Using the Local Information System for enquiries


The local information page is split into two panes:

  1. The search pane appears on the left hand side. It allows you to describe what you are looking for. You can:
    • search for index entries containing words or characters you specify;
    • lookup index entries alphabetically;
    • use any soft buttons set up in your system; and
    • display the help pages.
  2. The results pane appears on the right hand side. This pane shows you any matches in the database for your search and lookup requests. To start with the results are shown as a list of titles. Clicking the title shows all the information available from that item. If, however, there is just one match, the system expands it for you automatically.

This section describes how to use the system to make enquiries. Features that allow you to update the database are described here.

Search the database

You can see the following at the top of the search pane:

Search box and buttons

Enter the words or characters you are looking for in the text box and click the Search button (or use your browser's 'S' access key) to find matching entries in the database. The results are shown in the results pane.

The database looks for index entries that contain the words or characters you are looking for. So entering "council" would match with "Epsom and Ewell Borough Council". Note that the search is not case-sensitive so "Council" matches with "council", "Council", "COUNCIL", and any other combination of upper and lower case characters. Matches can be anywhere in words - not just the beginning so "psom" would also match "Epsom and Ewell Borough Council".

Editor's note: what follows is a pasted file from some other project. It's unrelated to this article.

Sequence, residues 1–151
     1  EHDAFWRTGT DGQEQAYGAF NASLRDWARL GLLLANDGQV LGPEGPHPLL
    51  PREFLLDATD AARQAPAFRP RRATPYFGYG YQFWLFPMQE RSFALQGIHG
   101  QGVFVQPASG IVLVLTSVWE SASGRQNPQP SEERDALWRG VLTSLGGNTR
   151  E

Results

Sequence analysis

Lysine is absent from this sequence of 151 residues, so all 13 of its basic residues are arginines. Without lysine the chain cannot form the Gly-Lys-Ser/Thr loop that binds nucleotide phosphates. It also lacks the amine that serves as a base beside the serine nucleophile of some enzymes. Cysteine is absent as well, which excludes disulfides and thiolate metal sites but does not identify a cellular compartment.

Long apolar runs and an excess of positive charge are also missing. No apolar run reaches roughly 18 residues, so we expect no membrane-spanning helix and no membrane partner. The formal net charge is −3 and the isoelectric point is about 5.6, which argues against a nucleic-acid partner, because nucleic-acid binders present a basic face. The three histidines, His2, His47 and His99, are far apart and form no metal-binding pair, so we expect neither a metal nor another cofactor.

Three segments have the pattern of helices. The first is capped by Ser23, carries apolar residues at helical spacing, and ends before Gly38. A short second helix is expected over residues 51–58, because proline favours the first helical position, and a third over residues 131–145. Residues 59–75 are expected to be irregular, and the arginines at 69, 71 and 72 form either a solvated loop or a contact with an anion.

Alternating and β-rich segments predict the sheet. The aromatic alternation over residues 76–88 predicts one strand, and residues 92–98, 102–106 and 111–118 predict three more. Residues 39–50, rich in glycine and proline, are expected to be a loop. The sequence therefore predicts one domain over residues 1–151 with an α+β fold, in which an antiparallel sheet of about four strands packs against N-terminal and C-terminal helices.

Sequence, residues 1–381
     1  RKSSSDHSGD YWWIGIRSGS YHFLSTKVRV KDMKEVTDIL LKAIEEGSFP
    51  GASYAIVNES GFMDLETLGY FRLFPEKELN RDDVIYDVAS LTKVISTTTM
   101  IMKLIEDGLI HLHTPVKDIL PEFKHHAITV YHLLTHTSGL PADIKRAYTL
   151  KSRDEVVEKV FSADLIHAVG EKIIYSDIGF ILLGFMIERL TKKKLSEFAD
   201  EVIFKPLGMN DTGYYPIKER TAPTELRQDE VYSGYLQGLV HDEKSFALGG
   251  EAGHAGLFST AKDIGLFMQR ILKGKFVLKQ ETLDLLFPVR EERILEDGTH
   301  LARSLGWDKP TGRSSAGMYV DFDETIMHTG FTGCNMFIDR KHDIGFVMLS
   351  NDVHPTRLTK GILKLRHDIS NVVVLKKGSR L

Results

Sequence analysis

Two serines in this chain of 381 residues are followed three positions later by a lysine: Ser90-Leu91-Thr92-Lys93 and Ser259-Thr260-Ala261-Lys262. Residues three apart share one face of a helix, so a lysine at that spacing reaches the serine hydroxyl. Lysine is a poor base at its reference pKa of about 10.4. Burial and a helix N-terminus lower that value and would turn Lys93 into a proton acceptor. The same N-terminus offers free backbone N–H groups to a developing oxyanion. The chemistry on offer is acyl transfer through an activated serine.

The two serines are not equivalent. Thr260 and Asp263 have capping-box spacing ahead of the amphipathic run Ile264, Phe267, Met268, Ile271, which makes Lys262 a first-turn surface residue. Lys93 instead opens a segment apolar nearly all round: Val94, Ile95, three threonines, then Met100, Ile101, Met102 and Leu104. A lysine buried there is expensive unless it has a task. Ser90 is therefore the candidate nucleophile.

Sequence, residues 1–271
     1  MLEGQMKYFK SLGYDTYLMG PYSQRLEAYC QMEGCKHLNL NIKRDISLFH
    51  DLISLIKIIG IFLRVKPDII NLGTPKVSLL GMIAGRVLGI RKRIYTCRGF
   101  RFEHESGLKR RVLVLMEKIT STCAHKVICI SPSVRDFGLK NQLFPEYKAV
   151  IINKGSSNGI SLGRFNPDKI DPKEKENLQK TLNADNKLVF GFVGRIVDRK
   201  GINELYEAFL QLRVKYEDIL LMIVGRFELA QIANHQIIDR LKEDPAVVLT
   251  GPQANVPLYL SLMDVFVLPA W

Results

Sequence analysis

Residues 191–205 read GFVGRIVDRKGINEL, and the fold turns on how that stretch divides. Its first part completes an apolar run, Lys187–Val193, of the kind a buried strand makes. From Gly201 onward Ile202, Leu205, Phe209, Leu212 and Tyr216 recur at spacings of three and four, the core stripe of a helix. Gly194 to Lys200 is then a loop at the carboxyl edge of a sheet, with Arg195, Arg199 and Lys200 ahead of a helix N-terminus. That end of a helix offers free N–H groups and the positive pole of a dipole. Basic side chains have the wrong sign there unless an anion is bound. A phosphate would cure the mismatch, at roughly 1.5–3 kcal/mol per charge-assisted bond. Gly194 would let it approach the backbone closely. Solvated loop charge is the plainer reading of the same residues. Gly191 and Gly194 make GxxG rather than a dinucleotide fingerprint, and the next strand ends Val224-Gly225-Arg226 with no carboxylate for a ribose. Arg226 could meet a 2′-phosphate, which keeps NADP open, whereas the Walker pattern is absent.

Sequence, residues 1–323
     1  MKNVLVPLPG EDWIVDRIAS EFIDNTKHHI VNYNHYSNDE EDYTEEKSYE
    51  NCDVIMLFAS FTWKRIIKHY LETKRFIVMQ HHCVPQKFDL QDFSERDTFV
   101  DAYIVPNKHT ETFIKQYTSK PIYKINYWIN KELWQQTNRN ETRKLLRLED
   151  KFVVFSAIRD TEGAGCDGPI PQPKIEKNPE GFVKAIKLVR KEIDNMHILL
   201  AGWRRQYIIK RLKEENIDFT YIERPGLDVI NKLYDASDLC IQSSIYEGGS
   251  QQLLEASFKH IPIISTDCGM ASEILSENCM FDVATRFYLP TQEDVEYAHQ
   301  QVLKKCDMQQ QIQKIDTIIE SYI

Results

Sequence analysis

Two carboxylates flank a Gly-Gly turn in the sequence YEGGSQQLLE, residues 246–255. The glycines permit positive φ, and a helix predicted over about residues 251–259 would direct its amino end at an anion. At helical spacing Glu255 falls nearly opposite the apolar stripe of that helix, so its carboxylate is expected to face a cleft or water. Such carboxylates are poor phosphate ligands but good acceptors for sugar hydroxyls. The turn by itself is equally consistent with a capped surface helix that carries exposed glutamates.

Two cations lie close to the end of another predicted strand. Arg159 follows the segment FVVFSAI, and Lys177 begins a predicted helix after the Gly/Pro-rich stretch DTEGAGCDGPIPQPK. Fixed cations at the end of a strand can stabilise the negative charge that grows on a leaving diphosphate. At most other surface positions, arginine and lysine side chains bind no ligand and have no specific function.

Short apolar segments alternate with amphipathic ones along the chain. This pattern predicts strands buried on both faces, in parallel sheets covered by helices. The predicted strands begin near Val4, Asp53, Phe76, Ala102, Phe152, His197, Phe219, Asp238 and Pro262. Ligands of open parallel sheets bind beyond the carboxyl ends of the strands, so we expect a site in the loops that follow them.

If you enter two or more search items separated by a space, the database will search for any index entries containing all the search items in any order so any of the following will all find "Epsom and Ewell Borough Council":

  • "epsom council"
  • "ewell council"
  • "bor eps"
  • "som ell"

You can also specify the special search term "*all" on its own to show all the entries in the database.

You can also exclude entries by entering a negative search term. Negative search terms start with "-" so searching for "epsom council -housing" will find all "Epsom and Ewell council" entries but exclude those relating to housing.

NB. The system automatically excludes small words like "in" and "of" when indexing entries. It therefore removes them from any searches you make because, otherwise, you are unlikely to find a match. So, if you search for "member of parliament", the system changes your search to "member parliament".

Alphabetic lookup

You can see the following at the top of the search pane:

Search box and buttons

Enter the characters you are looking for in the text box and click the A-Z button (or use your browser's 'A' access key) to find index entries that start with the text you enter. The results are shown in the results pane.

Entering "eps" would match with "Epsom and Ewell Borough Council". But entering "ewe" would not match because the index entry does not start with "ewe". Note that the search is not case-sensitive so "Epsom" matches with "eps", "Eps", "EPS", and any other combination of upper and lower case characters. You can match using any number of characters - however, the more you specify the more likely you will eliminate spurious entries.

Advanced searches

In addition to the 'Search' and 'A-Z' buttons we describe in the previous section, you might see the 'More..' and 'Full Text' buttons at the top of the search pane. Either or both buttons might be suppressed in your version of the system for accessibility or performance reasons.

Enter one or more search terms and click Full text to find all entries containing those terms in the item text. You can enter parts of words and - like the main searches - you can use '-' to exclude entries containing given search terms. The difference between the 'Full Text' and Search buttons is that the full text search scans the text of each item. The Search button searches index entries created by the database administrators so, for example, an entry about doctors might be found by using the Search button and search term 'GP' even if 'GP' does not exist in the item's text.